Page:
Palin, making her first bid for elected office since resigning as governor partway through her term in 2009, attributed her resignation to an onslaught of records requests and ethics complaints she said were frivolous and had become distractions.
Palin took issue with those who have questioned her ties or commitment to the state. “I’m so Alaskan I hit a moose the other night,” she said, adding that her vehicle got totaled but that she was fine.
During this race, Palin touted endorsements from a number of national figures, including former President Donald Trump. Palin was an early supporter of Trump during his 2016 presidential bid, and he participated in a telerally for her.
An August primary and November general election will decide who serves a two-year House term beginning in January. Palin, Begich and Gross are running in that race. Peltola and Sweeney also are candidates.
Sweeney in a statement said she would meet with her campaign team and supporters in the coming days to determine “next steps” after she said it appeared that she would “fall just short” of advancing to the special election.
Begich wasn’t immediately available for comment Wednesday. An email seeking comment was sent to Gross’ campaign.
Begich’s grandfather, Democratic U.S. Rep. Nick Begich, had the House seat before Young. In 1972, the elder Begich was running against Young when Begich’s plane disappeared on a flight from Anchorage to Juneau. Begich was nonetheless reelected.
He was later declared dead and Young in 1973 won a special election for the seat. Young held the seat until his death at age 88.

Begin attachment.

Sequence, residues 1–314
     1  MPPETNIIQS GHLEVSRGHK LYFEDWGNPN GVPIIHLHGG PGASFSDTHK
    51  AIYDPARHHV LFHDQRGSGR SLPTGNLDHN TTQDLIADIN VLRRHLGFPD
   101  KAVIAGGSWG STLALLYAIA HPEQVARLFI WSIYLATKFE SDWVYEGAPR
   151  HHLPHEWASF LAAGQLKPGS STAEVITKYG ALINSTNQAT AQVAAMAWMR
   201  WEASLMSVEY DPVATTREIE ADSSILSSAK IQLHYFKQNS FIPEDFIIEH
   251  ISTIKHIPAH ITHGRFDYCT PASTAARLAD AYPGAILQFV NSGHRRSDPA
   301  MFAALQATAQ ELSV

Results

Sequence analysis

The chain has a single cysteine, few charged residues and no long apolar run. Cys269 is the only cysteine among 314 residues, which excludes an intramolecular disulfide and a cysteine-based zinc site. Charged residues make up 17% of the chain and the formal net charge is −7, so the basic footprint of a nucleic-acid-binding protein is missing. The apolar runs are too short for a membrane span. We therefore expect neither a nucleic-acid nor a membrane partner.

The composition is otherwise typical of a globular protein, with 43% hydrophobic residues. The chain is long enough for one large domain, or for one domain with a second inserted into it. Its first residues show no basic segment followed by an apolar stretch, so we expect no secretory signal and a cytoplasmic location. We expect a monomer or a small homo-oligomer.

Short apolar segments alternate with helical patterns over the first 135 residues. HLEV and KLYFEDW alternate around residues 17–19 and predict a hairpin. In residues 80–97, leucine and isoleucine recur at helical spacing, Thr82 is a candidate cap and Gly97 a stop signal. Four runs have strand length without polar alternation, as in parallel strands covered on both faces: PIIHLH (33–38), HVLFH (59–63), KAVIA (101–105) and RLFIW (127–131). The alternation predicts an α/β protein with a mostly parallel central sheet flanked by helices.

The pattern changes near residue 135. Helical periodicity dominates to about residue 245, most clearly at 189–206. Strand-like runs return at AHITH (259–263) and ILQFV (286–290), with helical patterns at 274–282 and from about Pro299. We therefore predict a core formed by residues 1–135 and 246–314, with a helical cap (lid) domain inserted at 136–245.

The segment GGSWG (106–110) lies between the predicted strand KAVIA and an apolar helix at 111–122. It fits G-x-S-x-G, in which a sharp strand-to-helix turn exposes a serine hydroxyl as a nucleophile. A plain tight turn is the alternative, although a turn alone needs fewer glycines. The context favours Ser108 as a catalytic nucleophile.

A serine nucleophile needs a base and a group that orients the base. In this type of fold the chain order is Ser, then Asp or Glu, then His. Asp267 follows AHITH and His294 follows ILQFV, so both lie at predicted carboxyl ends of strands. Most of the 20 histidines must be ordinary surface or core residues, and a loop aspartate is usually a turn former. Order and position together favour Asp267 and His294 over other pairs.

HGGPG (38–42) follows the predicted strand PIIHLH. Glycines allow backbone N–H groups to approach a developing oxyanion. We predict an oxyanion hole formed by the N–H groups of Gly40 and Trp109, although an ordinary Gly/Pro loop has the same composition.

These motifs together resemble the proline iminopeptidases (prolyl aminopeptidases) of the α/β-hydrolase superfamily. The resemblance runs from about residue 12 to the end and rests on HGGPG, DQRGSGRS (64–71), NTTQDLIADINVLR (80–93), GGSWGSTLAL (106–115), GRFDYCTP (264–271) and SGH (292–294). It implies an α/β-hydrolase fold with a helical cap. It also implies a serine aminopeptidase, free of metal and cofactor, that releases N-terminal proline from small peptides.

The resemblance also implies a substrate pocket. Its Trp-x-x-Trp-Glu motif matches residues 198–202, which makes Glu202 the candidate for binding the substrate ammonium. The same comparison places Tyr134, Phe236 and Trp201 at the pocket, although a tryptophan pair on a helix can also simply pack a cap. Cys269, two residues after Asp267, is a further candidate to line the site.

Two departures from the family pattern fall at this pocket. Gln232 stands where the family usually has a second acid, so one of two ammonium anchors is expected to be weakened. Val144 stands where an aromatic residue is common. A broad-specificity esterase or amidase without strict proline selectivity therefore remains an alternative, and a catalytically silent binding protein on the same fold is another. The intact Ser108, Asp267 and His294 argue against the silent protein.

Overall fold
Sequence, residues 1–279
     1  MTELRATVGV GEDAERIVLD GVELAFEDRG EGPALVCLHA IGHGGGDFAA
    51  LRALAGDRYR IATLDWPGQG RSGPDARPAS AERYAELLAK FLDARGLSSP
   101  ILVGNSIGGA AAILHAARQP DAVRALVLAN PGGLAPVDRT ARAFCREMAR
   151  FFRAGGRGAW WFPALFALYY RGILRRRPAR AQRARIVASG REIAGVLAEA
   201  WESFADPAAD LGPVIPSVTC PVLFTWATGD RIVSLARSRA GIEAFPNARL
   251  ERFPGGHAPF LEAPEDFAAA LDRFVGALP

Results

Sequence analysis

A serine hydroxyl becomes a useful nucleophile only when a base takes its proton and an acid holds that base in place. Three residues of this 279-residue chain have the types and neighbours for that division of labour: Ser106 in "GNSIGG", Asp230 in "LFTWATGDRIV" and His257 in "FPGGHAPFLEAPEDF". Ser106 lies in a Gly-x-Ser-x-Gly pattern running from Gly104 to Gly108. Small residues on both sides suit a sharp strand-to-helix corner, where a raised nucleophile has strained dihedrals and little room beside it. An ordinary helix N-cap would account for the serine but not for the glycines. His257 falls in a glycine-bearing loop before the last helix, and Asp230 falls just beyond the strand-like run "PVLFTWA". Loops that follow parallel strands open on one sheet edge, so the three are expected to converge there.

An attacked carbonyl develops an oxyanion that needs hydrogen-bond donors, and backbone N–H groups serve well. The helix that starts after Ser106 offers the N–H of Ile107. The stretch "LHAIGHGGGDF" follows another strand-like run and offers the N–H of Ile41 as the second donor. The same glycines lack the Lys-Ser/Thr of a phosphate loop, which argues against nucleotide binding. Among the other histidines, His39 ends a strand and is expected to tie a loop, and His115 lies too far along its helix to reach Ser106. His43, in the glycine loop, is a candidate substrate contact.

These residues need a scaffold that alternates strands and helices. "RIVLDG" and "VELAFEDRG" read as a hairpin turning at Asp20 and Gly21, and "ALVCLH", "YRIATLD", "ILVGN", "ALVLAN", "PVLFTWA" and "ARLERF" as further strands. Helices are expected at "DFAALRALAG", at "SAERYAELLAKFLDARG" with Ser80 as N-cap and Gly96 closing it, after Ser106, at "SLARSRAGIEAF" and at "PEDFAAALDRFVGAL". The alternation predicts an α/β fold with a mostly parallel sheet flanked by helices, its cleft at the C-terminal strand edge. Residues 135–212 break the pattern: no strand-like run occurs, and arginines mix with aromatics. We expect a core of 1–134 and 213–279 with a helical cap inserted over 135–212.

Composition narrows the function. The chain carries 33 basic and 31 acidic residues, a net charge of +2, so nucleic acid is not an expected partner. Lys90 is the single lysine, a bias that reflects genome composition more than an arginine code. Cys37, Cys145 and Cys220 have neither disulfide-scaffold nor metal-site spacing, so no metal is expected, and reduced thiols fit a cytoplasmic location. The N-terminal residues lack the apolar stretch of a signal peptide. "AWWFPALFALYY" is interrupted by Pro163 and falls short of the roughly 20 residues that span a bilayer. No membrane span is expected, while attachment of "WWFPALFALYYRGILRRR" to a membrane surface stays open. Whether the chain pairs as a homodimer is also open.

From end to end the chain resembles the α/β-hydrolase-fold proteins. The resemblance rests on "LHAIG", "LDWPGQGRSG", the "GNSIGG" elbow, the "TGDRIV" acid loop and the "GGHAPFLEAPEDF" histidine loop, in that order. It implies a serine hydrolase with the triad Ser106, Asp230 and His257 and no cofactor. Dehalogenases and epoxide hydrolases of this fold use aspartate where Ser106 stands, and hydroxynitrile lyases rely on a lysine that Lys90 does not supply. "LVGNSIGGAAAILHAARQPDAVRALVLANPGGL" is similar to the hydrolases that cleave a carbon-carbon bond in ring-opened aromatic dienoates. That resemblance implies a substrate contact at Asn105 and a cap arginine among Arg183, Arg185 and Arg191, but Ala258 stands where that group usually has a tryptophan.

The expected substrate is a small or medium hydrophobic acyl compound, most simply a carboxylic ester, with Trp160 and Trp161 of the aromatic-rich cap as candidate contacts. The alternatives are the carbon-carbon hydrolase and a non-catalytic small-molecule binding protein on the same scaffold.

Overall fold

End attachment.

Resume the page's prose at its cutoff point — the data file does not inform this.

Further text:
The younger Begich had ties to Young, too. He was a co-chair of Young’s reelection campaign in 2020.
He began running for the House seat last fall and cast himself as someone who could bring new energy to the role. He has been endorsed by a number of conservatives and by the Alaska Republican Party.
Begich, during a campaign forum with three other Republican candidates last month, acknowledged people might be surprised that a Begich is a Republican. He said he was raised “conservative” by grandparents in Florida.
Begich said he wants to make a “business case” for the state, including the need to develop Alaska’s vast natural resources.
Gross got crosswise with some Democrats following an interview in which he did not commit to caucusing with Democrats if elected. He later said he would.
Gross’ campaign has said that Gross does not plan to seek out endorsements from either the Democratic or Republican parties.
Gross on Saturday noted that the largest bloc of registered voters in Alaska identify as independents and said Alaska needs a “new leader who represents all of Alaskans, not just a part of Alaska. And I believe I’m that guy.”
During his 2020 run, Gross sought to play up his Alaska ties, notably with an ad that said he “killed a grizzly bear in self defense after it snuck up on him.” His campaign also ran a cutesy ad referring to Gross as the “bear doctor.”
This time, Gross is playing it differently. He has a campaign leadership team that includes Republicans, independents and Democrats, including former Gov. Tony Knowles, a Democrat.